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Liberals lash out at Tory backdrop largesse

Prime Minister Stephen Harper holds a closing press conference at the G8 summit in Huntsville, Ont., on June 26, 2010.

Sean Kilpatrick/THE CANADIAN PRESS

The Liberals have made a weekly event out of highlighting what they perceive to be wasteful spending measures on the part of the Conservative government.

On Friday, the target of their ire was the half-million dollars the government spent on "partisan-style" backdrops from press conferences and meetings and $6.5-million promoting tax measures that were introduced in 2006.

"Following Haiti's earthquake last year, rather than delivering aid as quickly as possible, the Conservative government wasted $27,000 on single-use backdrops, conveniently coloured Tory blue, when they were coordinating a response to the earthquake," Liberal MP John McCallum told a news conference. "To put that in context, it's about 55 times the income of the average Haitian."

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Mr. McCallum also said the government spent $10,000 on backdrops to unveil the G8 logo. In total, he said, in just over a year, the government has spent more than $500,000 on backdrops alone. Documents explaining how he reached those figures are available here.

And he pointed to a Globe and Mail Story published Thursday that said the government is spending $6.5-million of public funds to promote its tax-cutting record in an advertising campaign centred on what is shaping up as a key election issue.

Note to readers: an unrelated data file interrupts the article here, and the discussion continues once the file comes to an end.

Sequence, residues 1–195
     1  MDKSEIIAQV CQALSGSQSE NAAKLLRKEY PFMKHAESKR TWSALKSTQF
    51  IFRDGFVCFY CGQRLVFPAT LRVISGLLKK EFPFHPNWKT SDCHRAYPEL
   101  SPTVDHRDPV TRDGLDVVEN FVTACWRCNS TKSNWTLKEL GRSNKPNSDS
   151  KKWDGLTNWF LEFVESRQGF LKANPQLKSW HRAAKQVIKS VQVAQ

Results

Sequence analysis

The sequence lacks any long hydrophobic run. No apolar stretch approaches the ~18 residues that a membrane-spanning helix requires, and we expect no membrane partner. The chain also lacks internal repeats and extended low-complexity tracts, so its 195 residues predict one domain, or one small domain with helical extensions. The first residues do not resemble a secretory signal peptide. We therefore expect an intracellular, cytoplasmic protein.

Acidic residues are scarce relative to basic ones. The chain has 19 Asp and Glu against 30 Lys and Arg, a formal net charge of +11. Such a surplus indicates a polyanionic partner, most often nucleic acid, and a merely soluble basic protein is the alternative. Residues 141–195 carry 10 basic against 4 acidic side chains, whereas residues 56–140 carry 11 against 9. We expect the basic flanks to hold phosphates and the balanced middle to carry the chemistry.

The 11-week campaign, called "Tax cuts … working for you," will run until March 27 - right around the time an election would start if the Conservatives were defeated over the budget. But even though the ads mention Canada's Economic Action Plan - the government's two-year stimulus program launched in 2009 - most of the measures in the ad were announced in 2006.

Mr. McCallum said the government spent more than $130-million on partisan government advertising last year, $45-million of which was spent advertising the Economic Action Plan.

The Conservatives responded that backdrops help them communicate with Canadians.

"It's unfortunate that Mr. McCallum thinks Canadians should be kept in the dark about the programs and benefits the government is delivering, or about the work Canada is doing in Haiti," said Andrew MacDougall, a spokesman for the Prime Minister.

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Parliamentary reporter

Gloria Galloway has been a journalist for almost 30 years. She worked at the Windsor Star, the Hamilton Spectator, the National Post, the Canadian Press and a number of small newspapers before being hired by The Globe and Mail as deputy national editor in 2001. Gloria returned to reporting two years later and joined the Ottawa bureau in 2004. More

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